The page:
On Thursday, the United States Supreme Court announced that the subpoenas issued by three committees of the Democratic-controlled House of Representatives for President Donald Trump’s financial records will remain blocked.
The case was then sent back to a lower court for further review.
However, in a separate case on the same day, the Supreme Court ruled 7-2 that Trump is not immune from New York District Attorney Cyrus Vance’s subpoena seeking eight years of Trump’s business and personal tax returns from his accounting firm Mazars USA LLP.
However, this case was also sent back to a lower court for further review, with justices stating that Trump may choose to challenge the scope and relevance of Vance’s subpoena.
In both cases, Chief Justice John Roberts penned the majority opinion and was joined by the court’s four liberal justices and two Trump-appointed conservative Justices Brett Kavanaugh and Neil Gorsuch.
Justice Samuel Alito and Clarence Thomas dissented from the ruling both times.
The House committees were not only seeking to access Trump’s personal and business tax records, but also information about Trump’s seven business entities and the personal accounts of his daughter Ivanka Trump and sons Eric and Donald Trump Jr.
The subpoenas have been issued to Trump’s accounting firm Mazars USA as well as two banks, Capital One Corp. and Deutsche Bank AG.
The committees are also investigating whether they should amend federal conflict of interest laws, laws regulating banks and financial disclosure laws, as well as looking into any instances of Russian money laundering and any cases of foreign influence over Trump.
The subpoenas come after Trump’s former attorney Michael Cohen testified in Congress early last year that Trump inflated his total assets to seek loans but deflated them to reduce his real estate taxes. Unlike every other President since Jimmy Carter, Trump has not voluntarily released his tax records.
Writing the majority opinion, Roberts stressed the novelty of the situation, adding that the subpoenas raise “special concerns regarding separation of powers” between the three branches not considered by the lower US Court of Appeals for the Second Circuit.
Roberts wrote that this case is “the first of its kind to reach this Court; that disputes of this sort can raise important issues concerning relations between the branches.”
He acknowledged that “related disputes involving congressional efforts to seek official executive branch information recur on a regular basis, including in the context of deeply partisan controversy.” But, Roberts added that “Congress and the Executive have nonetheless managed for over two centuries to resolve such disputes among themselves without the benefit of guidance from us.”
He wrote that the court would have to be “blind” not to see that “the subpoenas do not represent a run-of-the-mill legislative effort but rather a clash between rival branches of government over records of intense political interest for all involved.”
While the Supreme Court did acknowledge support for the investigative powers of Congress, it also stressed that limits on Congress’ authority must continue to exist.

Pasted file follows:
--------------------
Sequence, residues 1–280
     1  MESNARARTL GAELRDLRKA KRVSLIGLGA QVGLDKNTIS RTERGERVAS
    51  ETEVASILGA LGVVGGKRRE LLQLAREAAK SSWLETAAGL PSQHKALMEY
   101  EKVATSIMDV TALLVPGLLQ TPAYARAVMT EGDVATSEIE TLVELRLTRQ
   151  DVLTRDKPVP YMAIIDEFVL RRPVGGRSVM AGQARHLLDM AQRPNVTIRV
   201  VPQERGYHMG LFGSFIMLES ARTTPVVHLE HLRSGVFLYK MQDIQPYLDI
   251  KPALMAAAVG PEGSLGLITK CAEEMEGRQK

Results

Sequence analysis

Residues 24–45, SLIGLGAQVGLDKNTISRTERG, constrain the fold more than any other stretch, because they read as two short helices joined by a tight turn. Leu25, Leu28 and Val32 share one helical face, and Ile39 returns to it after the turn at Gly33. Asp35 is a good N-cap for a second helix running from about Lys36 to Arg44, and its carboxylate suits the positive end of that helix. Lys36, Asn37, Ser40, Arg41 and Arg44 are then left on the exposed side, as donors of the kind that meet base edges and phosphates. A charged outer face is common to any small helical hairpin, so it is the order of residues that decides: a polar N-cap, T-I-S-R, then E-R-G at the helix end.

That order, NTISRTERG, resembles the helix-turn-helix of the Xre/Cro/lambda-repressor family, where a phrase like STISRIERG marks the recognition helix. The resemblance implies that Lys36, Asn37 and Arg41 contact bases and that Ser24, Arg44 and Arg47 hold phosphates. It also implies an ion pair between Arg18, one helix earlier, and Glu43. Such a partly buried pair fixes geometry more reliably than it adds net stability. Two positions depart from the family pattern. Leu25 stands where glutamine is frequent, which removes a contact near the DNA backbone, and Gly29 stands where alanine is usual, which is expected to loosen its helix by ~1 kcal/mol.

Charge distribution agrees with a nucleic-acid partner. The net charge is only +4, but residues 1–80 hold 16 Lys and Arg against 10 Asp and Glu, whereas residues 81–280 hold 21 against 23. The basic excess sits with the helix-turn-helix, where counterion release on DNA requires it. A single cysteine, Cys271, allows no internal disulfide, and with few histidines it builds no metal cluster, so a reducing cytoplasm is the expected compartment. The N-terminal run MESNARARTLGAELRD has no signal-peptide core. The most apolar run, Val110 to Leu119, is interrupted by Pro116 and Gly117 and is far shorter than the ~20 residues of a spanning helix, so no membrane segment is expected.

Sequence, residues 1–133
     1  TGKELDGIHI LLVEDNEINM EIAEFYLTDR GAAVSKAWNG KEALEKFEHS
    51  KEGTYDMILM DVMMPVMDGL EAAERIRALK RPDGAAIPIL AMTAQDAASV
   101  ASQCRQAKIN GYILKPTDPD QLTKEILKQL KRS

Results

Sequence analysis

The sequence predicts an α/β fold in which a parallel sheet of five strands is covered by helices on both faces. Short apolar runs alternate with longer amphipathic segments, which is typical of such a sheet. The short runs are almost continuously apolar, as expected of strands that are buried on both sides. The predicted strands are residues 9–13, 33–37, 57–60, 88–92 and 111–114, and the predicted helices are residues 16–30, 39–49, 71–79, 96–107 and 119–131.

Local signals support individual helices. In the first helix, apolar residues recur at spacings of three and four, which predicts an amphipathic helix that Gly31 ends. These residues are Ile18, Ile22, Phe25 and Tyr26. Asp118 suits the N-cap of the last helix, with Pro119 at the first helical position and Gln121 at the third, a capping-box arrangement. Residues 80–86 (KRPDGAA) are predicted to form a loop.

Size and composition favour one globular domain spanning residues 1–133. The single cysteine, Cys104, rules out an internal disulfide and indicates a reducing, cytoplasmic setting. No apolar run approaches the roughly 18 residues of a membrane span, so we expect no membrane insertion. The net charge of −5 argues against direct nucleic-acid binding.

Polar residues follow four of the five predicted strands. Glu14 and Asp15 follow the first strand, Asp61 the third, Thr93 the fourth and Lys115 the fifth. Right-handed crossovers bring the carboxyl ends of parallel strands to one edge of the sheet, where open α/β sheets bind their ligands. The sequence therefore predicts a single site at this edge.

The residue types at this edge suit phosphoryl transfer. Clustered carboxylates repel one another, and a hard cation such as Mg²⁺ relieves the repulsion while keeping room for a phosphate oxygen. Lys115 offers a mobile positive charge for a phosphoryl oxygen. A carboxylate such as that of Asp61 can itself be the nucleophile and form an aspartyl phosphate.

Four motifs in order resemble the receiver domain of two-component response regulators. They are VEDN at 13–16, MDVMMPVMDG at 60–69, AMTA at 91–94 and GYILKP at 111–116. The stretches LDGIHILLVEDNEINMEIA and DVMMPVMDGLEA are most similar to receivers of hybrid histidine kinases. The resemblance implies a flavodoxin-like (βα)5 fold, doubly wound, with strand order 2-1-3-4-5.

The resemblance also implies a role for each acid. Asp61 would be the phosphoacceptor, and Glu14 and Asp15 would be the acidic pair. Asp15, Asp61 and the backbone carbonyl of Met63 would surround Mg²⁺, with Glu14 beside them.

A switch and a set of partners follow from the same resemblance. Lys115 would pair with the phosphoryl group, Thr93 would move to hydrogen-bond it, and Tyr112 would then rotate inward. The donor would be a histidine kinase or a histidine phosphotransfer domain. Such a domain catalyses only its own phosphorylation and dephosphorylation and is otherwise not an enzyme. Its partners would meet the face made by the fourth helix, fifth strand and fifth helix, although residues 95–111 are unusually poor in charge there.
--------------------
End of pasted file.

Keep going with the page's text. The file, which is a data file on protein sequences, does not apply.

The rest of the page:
It stated that while Congress can obtain sources other than Trump’s personal tax records if it needs to review general legislation on financial disclosure and federal conflict of interest, inquiries must be limited and clearly outlined to the lower courts on how those documents and reports would help reform the legislations.
This comes after Trump’s attorneys asked for “temporary presidential immunity” from Congress’ subpoena in May of this year, stating that it would be a burden to the president’s official duties.
The Supreme Court rejected the argument stating it would impede Congress’ power to conduct any investigations.
“The standards proposed by the President and the Solicitor General — if applied outside the context of privileged information — would risk seriously impeding Congress in carrying out its responsibilities.”
Dissenting from the ruling, Thomas stated, “I would reverse [the court’s decision] in full because the power to subpoena private, nonofficial documents is not a necessary implication of Congress’ legislative powers. If Congress wishes to obtain these documents, it should proceed through the impeachment power.”
In Alito’s dissent, he stated that “legislative subpoenas for a president’s personal documents are inherently suspicious,” adding that the court majority should have imposed more requirements on the lower courts to evaluate the validity of the subpoenas.
House Democrats praised the Supreme Court’s assertion that Trump is not above the law but highlighted how the decision would allow the president to continue concealing his tax records while in office.
Texas Democratic Representative Lloyd Doggett as well as a member of the House Ways and Means Committee, which requested Trump’s tax returns said, “While defeated on his claim that he’s above the law, Trump is now beyond the law until after November. He may not be able to outrun the law, but he’s outrunning the clock.”
In response to the ruling, Trump’s attorney Jay Sekulow tweeted, “We are pleased that in the decisions issued today, the Supreme Court has temporarily blocked both Congress and New York prosecutors from obtaining the President’s financial records. We will now proceed to raise additional Constitutional and legal issues in the lower courts.”
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